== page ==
I can't just sit at home. After this hatred and betrayal I have to be stronger, I have to create my own place in society. We are trying, the youth are trying.
It seems increasingly likely that the popular military chief Sisi will run for president, with many Egyptians hoping he can become a “strongman leader” who imposes order in the style of former president Gamal Abdel Nasser.
Yet Egyptian public opinion is notably fickle, and the pyramid may shape Egypt’s future as much as the square. For decades, a brutal security state has protected a pyramidal structure that favours a small number of corrupt and privileged wealthy at the top, at the expense of the masses who continue to struggle and live in poverty. Egypt also has a demographic pyramid, with a huge proportion of the population under 30 years old. The Egyptian economy has failed to provide employment and education opportunities for this burgeoning, frustrated youth.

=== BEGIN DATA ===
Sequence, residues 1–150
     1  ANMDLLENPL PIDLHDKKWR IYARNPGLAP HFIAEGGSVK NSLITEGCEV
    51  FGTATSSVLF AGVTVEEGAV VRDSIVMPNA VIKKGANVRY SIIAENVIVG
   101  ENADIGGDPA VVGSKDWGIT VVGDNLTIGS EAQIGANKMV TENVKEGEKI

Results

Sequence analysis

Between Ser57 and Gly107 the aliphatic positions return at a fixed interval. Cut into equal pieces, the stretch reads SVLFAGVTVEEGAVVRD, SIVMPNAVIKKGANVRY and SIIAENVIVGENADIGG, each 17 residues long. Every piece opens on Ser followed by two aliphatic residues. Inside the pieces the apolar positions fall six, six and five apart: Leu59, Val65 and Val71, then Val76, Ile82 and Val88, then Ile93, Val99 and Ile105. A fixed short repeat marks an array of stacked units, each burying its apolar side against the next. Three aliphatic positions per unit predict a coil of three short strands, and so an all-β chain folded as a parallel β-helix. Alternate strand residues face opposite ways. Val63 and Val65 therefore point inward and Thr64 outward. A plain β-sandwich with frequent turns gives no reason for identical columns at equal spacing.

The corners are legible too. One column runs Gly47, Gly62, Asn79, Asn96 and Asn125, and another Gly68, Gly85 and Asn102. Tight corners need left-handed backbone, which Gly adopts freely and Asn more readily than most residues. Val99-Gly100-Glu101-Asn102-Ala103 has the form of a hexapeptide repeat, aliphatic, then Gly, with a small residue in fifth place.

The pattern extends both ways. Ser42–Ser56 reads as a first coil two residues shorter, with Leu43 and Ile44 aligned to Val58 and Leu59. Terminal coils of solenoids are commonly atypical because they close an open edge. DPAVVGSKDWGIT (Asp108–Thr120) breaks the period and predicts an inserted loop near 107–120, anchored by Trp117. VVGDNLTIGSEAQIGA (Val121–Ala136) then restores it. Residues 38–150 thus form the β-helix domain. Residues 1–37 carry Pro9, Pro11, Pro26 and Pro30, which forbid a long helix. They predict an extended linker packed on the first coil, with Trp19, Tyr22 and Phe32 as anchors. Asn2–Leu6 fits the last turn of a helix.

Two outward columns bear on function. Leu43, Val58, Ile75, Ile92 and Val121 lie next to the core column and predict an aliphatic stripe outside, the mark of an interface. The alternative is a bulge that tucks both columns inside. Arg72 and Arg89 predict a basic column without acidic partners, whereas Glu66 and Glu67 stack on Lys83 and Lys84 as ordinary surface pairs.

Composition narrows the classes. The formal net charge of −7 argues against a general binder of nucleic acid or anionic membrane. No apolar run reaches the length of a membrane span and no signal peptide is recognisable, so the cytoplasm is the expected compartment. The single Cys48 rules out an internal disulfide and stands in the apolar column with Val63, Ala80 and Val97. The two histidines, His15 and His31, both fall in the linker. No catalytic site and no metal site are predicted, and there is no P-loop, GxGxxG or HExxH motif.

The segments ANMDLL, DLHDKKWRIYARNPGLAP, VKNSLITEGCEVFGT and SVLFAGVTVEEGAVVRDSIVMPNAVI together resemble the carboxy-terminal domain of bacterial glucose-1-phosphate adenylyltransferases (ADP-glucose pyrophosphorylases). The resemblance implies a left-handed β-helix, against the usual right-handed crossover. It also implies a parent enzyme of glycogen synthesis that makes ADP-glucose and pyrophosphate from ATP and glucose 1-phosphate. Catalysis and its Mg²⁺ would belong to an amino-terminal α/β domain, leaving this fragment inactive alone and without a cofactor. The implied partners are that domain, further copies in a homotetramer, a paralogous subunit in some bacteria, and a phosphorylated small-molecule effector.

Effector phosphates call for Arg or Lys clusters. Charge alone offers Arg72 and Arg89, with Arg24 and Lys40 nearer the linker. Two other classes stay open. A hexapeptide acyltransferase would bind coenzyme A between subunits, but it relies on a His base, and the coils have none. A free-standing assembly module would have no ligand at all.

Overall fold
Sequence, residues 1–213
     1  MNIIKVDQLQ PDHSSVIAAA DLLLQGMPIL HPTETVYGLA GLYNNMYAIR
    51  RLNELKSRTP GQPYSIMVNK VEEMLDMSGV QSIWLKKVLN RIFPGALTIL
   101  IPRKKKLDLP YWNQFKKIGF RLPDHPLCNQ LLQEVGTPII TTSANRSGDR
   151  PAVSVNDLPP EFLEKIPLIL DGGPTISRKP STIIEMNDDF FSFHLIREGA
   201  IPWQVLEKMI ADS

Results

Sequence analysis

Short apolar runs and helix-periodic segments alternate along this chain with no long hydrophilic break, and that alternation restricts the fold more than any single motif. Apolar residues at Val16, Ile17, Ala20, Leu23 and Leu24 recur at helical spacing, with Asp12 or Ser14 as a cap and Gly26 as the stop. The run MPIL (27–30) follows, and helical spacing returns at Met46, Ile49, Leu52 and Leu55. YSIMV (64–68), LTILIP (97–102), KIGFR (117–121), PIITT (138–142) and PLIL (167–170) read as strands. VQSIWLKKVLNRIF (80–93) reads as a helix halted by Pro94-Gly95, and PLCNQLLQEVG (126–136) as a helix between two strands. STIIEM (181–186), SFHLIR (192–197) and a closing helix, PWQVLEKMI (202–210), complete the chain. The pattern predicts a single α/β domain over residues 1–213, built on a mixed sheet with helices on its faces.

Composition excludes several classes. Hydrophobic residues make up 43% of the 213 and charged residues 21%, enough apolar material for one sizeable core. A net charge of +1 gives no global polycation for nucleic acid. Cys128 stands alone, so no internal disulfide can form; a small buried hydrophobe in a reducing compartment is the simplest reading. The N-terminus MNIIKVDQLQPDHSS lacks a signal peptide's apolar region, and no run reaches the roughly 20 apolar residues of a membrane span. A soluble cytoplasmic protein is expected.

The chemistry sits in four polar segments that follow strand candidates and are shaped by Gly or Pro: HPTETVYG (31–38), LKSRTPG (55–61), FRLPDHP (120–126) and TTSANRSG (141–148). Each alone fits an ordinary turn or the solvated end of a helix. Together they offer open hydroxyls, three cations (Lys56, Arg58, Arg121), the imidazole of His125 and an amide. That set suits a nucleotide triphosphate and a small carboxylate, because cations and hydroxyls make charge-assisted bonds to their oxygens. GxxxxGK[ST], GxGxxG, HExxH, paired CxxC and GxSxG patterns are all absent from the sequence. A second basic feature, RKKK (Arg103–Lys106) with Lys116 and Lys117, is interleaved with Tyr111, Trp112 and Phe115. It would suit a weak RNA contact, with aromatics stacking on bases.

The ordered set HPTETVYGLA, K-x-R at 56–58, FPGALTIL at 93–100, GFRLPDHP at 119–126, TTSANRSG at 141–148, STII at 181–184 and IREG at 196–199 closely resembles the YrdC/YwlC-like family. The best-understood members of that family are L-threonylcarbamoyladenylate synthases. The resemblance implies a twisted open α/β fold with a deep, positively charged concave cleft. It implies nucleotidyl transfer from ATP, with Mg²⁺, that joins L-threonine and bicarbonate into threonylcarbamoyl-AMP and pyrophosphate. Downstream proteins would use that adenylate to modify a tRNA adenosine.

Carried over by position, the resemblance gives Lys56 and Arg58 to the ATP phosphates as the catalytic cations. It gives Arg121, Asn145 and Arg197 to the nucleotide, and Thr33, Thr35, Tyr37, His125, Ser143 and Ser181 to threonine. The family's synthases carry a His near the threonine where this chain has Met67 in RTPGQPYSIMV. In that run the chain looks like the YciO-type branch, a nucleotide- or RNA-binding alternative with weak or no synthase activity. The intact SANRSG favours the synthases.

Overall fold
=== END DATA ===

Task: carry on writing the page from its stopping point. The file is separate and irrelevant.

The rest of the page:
If, as many activists predict, the coming regime fails to deal with the underlying political and economic problems that drove the uprising, wider public opinion may yet again rally behind the revolutionaries depicted in The Square.
Despite being the first Egyptian film to be nominated for an Oscar, The Square has not yet been officially screened in Egypt and is currently in a form of limbo because of its politically provocative content – neither approved nor banned.
The film is important as a moving testament to the courage of a thwarted revolution and serves as an important historical record. It remains to be seen whether, as Khalid Abdalla said towards the end of the film, the revolutionaries can at the very least lay the groundwork for meaningful change – even if it takes decades.
The young activist Wafa sat recently in a downtown café, not far from Tahrir Square, reflecting on the events of the past three years.
“We woke up from this dream, I have to deal with this reality,” he told Al Jazeera. “I can’t just sit at home. After this hatred and betrayal I have to be stronger, I have to create my own place in society. We are trying, the youth are trying.”